Hearing these young people speak and share yesterday, gave me the full circle of my own journey as a trainer and facilitator in youth and peacebuilding. When I decided to come back to the Philippines in 2017 after living and working abroad, I had one goal in mind – to share everything I learned to the Filipino youth, especially in Mindanao. Hearing my name mentioned by them during their speeches and sharing – as a mentor, as a facilitator, and to be remembered for the lines or phrases I shared in the past – made me feel so grateful and FULL.
I turn 40 next year, the age limit for youth in some countries, but sometimes I feel like I’m still 24 running around the UN back then with David Adams, lobbying permanent mission delegates to include young people in their statements. Back then, ‘to be mentioned’ was the first step and it was good enough. We followed speeches and highlighted mentions of youth that you can count with one finger! With Nick Martin and Helene Leneveu I remember how frustrated we were at some countries who ‘betrayed us’ and didn’t mention young people.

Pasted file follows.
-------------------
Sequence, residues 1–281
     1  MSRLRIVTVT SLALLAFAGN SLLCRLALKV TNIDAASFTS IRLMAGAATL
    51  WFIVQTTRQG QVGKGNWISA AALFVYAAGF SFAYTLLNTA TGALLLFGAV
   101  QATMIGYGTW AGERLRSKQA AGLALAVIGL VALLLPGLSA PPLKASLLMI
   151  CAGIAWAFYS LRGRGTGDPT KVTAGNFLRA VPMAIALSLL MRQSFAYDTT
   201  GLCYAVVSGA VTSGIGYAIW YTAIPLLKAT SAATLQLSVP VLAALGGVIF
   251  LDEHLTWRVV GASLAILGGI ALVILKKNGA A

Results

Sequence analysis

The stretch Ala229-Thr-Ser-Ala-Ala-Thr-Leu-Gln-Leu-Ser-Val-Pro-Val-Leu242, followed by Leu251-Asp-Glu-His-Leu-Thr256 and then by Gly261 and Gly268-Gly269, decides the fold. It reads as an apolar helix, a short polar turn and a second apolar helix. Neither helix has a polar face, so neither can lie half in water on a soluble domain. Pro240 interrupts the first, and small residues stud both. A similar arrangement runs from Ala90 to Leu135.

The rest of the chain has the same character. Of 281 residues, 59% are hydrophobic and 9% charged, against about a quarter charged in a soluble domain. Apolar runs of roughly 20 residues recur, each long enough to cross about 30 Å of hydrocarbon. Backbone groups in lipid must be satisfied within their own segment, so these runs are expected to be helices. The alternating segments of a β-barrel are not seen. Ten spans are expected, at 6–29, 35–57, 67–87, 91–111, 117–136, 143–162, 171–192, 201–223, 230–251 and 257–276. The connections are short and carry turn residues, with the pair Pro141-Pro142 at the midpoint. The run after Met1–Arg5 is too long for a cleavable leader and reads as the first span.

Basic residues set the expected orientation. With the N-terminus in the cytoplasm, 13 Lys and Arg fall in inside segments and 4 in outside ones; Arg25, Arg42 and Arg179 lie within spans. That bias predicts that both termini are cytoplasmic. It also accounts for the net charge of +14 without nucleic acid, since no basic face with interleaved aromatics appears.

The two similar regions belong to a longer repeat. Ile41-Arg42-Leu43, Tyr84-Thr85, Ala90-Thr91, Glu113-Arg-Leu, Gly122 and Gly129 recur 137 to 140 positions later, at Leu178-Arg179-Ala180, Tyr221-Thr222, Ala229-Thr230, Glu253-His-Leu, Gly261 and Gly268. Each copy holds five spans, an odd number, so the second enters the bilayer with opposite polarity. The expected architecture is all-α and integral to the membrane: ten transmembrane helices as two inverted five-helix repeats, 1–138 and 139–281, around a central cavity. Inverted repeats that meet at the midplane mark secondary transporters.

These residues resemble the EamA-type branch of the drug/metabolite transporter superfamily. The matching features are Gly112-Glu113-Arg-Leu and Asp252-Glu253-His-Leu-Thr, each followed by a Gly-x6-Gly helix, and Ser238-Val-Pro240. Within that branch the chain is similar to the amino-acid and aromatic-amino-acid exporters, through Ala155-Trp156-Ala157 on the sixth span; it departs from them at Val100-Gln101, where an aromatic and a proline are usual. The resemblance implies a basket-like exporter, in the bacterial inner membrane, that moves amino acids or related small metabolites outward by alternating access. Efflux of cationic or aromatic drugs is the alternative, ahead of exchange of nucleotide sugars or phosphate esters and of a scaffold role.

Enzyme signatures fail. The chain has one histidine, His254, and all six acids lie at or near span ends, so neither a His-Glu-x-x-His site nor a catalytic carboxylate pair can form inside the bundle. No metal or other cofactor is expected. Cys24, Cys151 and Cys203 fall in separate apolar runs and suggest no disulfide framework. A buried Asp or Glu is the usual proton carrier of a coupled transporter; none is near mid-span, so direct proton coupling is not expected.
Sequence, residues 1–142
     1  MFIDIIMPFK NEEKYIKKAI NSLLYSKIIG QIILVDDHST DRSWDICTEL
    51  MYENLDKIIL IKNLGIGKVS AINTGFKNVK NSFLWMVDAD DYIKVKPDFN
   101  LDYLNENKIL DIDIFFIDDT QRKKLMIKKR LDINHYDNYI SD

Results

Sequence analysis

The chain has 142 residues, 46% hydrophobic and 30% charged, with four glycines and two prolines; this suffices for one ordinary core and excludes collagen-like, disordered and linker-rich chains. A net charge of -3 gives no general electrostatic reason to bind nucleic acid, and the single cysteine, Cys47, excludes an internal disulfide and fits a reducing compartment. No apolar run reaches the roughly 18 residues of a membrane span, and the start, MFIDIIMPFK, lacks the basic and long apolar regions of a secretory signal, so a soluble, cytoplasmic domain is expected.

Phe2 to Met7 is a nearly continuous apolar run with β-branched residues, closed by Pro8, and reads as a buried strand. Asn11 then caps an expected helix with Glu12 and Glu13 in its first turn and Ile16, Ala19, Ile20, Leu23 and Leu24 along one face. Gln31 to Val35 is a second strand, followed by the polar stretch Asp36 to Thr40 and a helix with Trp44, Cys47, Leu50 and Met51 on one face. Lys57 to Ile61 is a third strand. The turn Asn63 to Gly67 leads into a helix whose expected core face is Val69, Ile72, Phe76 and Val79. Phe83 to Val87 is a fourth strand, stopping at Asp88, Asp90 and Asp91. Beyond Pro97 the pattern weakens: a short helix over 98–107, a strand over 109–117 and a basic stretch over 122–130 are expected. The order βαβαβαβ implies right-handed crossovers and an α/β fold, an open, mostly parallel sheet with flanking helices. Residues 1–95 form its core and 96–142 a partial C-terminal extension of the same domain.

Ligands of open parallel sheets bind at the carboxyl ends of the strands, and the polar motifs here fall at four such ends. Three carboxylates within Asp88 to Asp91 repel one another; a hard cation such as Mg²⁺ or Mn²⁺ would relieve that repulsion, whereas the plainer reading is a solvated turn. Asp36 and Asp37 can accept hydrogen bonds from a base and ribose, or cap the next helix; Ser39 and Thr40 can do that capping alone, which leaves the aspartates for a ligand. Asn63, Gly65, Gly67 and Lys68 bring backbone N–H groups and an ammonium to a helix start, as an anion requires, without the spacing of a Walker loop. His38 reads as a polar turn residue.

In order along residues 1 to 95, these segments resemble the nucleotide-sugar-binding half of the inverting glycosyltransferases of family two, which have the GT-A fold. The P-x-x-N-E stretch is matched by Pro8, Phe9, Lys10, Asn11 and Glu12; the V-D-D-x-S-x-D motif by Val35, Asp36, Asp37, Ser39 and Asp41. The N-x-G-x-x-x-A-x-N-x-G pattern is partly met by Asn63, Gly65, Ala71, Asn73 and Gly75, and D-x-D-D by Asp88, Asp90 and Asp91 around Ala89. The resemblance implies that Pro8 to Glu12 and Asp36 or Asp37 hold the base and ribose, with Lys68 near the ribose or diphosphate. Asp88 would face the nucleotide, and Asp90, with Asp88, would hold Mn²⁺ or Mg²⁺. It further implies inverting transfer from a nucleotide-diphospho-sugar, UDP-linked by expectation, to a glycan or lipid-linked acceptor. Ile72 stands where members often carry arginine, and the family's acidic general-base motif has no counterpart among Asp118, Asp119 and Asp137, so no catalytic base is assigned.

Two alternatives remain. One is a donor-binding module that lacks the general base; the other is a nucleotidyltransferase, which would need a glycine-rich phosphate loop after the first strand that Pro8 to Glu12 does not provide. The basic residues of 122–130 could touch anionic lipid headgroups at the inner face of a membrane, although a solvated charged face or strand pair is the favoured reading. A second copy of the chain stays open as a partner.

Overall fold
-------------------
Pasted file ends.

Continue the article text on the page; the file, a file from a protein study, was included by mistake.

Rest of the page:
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Question related to this article:
Youth initiatives for a culture of peace, How can we ensure they get the attention and funding they deserve?
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And here we are now. Young people asking to be considered equal partners in peace and security. Young people asking for trust from the government. Young people rallying their fellow youth to meaningfully participate in peace.
We’ve come a long way. What a meaningful journey!
Young people wrote this NAP, other stakeholders contributed to its final stages.
And I think it is time for me to let this sink in: ‘as the branch of the tree where the bird sits get older and eventually breaks, there’s no need to worry because the wings of this bird are strong enough and ready to fly’
Facebook page of Brian Delos Santos, August 30
Today, at Philippine International Convention Center (PICC) , we officially launched the Philippine National Action Plan on Youth, Peace and Security (NAPYPS), which represents a historic milestone by the youth #FortheFilipinoYouth
The Philippines is the 4th country in the WORLD to have a NAPYPS and the 1st in ASIA.
I am delighted that I have contributed to the advancement of our country, especially for the youth.
Being a core writer of this 10-year National Action Plan is a great legacy I will treasure forever.
During my speech, I emphasized that the youth must not be mere benefactors but partners in decision-making at the national and local levels.